During a phone all the previous night it was agreed that both David and myself would meet at Stybarrow Crag at 07:15am before heading north to meet Rod at Brownrigg Farm around 07:30am. I arrived a tad early which saw me lacing my boots up under mild morning air making note that even so early in the morning there didn't feel any need to add more layers. Laced up I have a wonder down to the shore line holding my camera by its strap in my right hand. A stone wall divides the road from the bay which is where I sat for just a few moments just taking it all in, its just so peaceful right now not even a car has passed since I had arrived, just take your time David...

Views south towards Caudale Moore and Red Screes.

After a wander around the bay I make my way back towards the car disturbing the silence as I pass over pebbles. Back at my car I neatly leave my gear besides the rear wheel waiting for David to arrive making sure I haven't left anything behind. My jacket for the first time this year will be folded as neatly as possible into my pack should I need it later in the day. David arrives minutes later and pulls his car up along side mine, we greet as ever with a handshake while not quite believing just how lovely this morning really is "we've earned it I explain"

It's agreed to leave my car at Stybarrow Crag and David will drive us to Brownrigg Farm a journey that should only take us around ten minutes which is taken up by conversation as the strong morning sunlight streaks through the car windows, it feel like a typical Spring morning but not any Spring morning, the first Spring morning and one that needs to be remembered.

It wasn't long before we took the left turn for Dockray leaving the tree lined shore road behind as part of our route onto Watermillock Common opens up to our left, at this stage its still undecided how we will gain the ridge but a few ideas had been thrown about last night and indeed during the short ten minutes as we headed out towards Brownrigg Farm which is soon reached to find Rod stood besides his car awaiting for our arrival.

Rod and I greet with a 'morning' followed by a handshake smiles clearly etched across all our faces which I'm putting down to this glorious morning and of course the route ahead, there's three blokes here but really, its three giddy school boys waiting in earnest to get boot onto fell. "What do you reckon" shall we leave our gear in the car and collect it when we pass later? we all agree it's a good idea and strike out gearless up the track towards Great Mell Fell soon realising that both David and myself had left our walking poles in the back of David's car, do we need em? Aye it maybe short, but its steep in places.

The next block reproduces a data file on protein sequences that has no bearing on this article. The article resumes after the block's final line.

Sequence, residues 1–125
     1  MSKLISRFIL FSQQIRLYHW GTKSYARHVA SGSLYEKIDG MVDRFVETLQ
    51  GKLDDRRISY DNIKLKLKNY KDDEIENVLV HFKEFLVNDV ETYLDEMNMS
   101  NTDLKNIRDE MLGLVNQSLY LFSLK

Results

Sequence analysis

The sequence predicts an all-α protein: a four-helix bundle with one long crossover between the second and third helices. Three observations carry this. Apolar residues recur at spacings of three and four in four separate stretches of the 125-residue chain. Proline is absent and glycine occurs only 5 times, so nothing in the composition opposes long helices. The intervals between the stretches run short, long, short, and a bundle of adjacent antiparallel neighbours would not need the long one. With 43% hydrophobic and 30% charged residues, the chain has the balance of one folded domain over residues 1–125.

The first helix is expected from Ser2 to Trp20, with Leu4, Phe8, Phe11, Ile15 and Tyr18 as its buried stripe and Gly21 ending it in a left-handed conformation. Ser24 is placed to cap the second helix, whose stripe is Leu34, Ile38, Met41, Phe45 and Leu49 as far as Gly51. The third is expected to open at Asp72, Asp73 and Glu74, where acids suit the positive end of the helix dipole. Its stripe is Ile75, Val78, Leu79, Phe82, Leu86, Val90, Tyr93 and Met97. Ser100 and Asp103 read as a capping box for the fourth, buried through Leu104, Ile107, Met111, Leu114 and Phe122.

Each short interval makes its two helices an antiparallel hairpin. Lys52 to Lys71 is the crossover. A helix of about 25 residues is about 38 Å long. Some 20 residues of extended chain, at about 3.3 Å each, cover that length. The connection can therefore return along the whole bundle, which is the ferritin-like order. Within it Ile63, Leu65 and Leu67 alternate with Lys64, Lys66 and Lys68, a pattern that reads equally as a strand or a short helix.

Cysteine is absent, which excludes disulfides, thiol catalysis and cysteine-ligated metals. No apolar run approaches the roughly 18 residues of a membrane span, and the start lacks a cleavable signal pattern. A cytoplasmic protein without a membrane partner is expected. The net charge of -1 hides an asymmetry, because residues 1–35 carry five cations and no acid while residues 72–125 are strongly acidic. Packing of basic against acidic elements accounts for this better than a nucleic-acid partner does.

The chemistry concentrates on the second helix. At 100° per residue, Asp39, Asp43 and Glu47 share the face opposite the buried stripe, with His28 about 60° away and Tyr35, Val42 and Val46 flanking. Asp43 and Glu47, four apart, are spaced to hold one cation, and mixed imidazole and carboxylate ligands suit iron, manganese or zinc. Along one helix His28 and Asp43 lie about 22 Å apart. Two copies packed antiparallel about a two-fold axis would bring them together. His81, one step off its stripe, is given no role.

I'll nip back.

Possibly the most photographed tree in Lakeland.
Passing this snarled and wind blown tree as we head for Great Mell Fell summit, but first we pass through the...

Scotts Pines.
It was noted that both Rod and I had only climbed to the summit of Great Mell Fell in bad weather which made todays summit feel that bit more special, we certainly wasn't used to feasting our eyes on the windward Scotts Pines when set against such a deep blue sky, good times.

The Dodd ridge extending all the way towards a snow capped Helvellyn.

Great Mell Fell summit.

By 08:05am we had reached the summit of Great Mell Fell and were treated to a rather cool breeze but not cool enough for jackets. With the sun on our backs we each take our own summit photo most of which have our own shadows in them due to the sun being right behind us. I have a wander to the edge of the summit to take in the views over Souther Fell and Blencathra where I spent last weekend with Tim. There is a slight haze which is hampering views northwards but it looks like it will lift as the morning temperature rises.